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Wanted: friendly advice for the Globe

In today's memo announcing the elimination of up to 50 newsroom jobs, Globe editor Marty Baron makes it clear--as publisher Steve Ainsley did earlier this month--that the Globe of the future is still undefined:

Once again, we will have to assess everything we do. And so we will move promptly to evaluate a wide range of options. Not every option we review will come to pass, but reductions of this magnitude obviously will require us to make fundamental changes. Your ideas are welcome [emph. added].

So here's my question: what "fundamental changes" would Globe readers urge the paper's brain trust to consider?

As you offer your suggestions, bear in mind that, based on today's announcement, the Globe is about to lose roughly 20 percent* of its newsroom staff--and that the Globe is hardly alone in its struggles.

*NOTE: The Globe's online roster (click on "newsroom staff," above) suggests that the newsroom has 244 employees. But according to this NYT story, the Globe newsroom has the equivalent of 433 full-time positions--which means the impending cuts would cut staffing levels by about 12 percent.

  • Ron Newman said:

    My advice?  Persuade the NYTimes Company to sell the Globe to a locally-run, non-profit trust.  Something like the St. Petersburg (Florida) Times.

    January 15, 2009 3:22 PM
  • Adam Reilly said:

    I like the idea, Ron--but who's going to put up the cash, with the economy gone to pot and the newspaper industry imploding?

    January 15, 2009 4:09 PM
  • Ron Newman said:

    If the paper's value keeps dropping, at some point the NYTimes would have to give it away.  Isn't the SPTimes doing reasonably well?

    January 15, 2009 5:26 PM
  • John Gatti Jr said:

    The daily carnage reports in the traditional newspaper industry shows no solution.

    The non profit model appears to one potential possible solution as being experimented in several venues.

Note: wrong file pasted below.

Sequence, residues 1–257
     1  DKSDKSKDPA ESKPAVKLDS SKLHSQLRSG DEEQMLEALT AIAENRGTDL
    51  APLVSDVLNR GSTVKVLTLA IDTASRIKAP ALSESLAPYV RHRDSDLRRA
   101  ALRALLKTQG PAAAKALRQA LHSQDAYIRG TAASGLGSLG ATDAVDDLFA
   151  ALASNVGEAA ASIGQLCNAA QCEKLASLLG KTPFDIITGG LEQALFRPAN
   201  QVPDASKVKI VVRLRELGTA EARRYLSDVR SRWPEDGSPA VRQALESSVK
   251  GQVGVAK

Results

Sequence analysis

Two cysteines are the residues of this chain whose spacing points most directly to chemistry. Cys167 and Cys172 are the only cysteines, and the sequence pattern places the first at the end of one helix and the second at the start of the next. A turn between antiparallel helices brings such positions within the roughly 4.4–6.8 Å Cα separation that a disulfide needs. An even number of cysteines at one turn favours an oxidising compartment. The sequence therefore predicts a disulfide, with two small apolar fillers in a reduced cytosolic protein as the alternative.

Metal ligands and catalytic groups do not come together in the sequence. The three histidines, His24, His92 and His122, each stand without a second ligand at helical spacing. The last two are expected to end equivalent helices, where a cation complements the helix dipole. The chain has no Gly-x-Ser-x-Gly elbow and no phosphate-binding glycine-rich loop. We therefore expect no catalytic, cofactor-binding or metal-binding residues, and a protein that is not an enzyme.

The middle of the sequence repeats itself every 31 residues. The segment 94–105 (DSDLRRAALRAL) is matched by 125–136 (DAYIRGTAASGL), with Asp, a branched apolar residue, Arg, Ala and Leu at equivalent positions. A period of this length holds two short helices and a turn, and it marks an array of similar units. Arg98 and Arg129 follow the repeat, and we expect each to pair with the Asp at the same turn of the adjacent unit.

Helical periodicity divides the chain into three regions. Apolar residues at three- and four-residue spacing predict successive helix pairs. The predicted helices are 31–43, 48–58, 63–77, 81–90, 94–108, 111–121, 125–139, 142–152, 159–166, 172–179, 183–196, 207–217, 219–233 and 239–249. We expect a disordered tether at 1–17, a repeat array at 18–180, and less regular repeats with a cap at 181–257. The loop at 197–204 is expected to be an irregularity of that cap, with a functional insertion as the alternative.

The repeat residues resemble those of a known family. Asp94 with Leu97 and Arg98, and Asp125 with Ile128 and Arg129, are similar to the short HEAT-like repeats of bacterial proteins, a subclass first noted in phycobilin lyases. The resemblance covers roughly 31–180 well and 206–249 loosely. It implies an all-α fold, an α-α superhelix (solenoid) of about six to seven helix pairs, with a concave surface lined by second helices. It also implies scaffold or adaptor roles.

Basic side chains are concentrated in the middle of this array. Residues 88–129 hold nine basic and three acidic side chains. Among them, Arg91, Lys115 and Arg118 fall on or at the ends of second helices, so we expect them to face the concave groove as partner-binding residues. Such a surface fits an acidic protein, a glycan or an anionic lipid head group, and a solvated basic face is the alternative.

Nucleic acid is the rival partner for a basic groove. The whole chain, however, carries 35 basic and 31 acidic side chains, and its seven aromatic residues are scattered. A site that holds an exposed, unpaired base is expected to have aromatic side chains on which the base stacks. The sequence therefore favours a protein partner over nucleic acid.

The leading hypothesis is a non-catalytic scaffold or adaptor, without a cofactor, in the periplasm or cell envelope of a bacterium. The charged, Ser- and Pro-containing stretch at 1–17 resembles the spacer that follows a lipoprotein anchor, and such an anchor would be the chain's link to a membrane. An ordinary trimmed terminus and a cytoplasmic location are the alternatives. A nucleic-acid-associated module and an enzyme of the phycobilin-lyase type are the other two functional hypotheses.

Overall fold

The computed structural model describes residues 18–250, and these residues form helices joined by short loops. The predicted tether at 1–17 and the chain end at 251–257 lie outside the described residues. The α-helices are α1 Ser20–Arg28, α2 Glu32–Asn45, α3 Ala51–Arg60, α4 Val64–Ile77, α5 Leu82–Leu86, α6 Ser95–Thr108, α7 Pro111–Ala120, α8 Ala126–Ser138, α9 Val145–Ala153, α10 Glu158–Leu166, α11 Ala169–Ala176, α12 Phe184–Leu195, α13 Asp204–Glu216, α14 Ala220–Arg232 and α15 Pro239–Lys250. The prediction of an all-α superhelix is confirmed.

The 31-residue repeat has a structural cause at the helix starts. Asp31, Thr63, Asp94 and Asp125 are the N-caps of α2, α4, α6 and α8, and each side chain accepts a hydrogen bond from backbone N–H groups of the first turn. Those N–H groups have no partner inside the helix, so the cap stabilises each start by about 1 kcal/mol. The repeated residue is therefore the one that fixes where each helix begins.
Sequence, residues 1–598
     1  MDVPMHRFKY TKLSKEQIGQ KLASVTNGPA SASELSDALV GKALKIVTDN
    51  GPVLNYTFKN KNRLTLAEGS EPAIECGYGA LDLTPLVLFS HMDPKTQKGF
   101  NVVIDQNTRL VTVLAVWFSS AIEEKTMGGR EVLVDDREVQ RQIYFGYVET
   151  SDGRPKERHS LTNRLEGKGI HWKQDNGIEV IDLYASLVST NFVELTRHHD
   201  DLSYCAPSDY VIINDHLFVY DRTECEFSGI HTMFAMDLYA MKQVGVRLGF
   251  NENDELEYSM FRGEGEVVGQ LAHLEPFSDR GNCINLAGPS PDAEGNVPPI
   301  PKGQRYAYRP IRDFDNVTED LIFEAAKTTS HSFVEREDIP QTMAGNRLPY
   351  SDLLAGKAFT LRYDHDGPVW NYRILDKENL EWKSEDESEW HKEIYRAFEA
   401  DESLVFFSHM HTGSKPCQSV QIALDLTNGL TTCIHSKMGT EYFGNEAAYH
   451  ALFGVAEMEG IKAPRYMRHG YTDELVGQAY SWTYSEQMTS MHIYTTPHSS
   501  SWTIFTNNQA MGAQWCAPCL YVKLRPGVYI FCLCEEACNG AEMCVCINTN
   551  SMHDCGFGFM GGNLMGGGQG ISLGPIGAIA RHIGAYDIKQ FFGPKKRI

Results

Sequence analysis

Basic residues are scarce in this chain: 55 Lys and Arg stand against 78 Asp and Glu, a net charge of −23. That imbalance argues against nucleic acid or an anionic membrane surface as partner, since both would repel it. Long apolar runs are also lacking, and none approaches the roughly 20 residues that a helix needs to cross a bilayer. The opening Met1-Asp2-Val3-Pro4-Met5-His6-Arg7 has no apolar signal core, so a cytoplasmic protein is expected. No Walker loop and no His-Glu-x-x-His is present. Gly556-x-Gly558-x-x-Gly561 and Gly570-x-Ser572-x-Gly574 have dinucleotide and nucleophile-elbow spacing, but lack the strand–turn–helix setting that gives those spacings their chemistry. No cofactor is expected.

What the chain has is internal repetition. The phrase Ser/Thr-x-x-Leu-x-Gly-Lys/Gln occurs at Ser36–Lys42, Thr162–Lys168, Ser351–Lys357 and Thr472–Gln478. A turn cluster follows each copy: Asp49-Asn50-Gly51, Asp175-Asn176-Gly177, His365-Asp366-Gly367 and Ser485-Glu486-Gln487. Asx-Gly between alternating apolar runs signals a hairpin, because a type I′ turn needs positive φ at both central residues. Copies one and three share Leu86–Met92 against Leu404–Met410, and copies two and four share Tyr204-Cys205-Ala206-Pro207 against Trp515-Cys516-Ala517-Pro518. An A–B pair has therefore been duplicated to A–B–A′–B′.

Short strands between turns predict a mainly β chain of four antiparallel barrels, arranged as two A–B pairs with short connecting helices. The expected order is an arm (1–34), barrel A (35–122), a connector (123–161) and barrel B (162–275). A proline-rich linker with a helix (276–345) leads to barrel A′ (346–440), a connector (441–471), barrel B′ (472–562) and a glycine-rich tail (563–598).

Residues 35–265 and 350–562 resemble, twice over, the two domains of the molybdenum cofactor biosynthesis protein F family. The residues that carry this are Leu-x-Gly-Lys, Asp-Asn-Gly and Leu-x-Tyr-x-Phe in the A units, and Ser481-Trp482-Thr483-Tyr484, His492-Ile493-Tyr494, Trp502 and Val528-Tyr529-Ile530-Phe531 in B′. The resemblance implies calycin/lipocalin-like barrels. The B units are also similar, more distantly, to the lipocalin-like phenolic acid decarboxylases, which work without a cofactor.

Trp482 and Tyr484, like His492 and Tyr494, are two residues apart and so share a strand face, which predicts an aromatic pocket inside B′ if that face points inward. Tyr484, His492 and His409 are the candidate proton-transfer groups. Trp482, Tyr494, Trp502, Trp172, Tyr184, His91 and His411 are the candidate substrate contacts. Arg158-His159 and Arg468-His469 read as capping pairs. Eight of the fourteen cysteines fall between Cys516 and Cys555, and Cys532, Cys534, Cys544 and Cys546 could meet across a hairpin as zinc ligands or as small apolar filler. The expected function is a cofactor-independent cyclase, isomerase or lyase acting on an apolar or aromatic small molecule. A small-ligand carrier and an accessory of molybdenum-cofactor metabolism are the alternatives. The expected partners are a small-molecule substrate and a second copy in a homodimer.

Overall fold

Employee Stock Ownership plans may be the for profit model.

    However, with the current credit crisis and lack of advertisers there appears little or few other options for the capital intensive print and broadcast industry.

    Technology, the internet, sattelite radio, and cable continue to change so rapidly that how can any longterm viable business plan be put together?

    All these problems in print and broadcast media only hurt the traditional press freedoms and investigative reporting we have come to expect as our right.

    January 15, 2009 9:03 PM
  • Carly Carioli said:

    No big mystery: cut the print edition by 60 percent. Look closely at the Euro metro commuter dailies and rip off their mix of byte-sized news and aggressive, mobile-enabled interactivity. Write for the internet first, bring back the "special edition" for investigative coups. Cut reporter/editor salaries from white collar to blue-collar level, which is where reporters' salaries used to be once upon a time (and where some of us still are). The ones who stick around will be locals as opposed to imports, and will be in it for the honest labor instead of the bogus faux-intellectual glory. Y'know, that gets an awful lot of traffic -- if it didn't have to prop up the Globe, it might be worth something.

    January 15, 2009 11:24 PM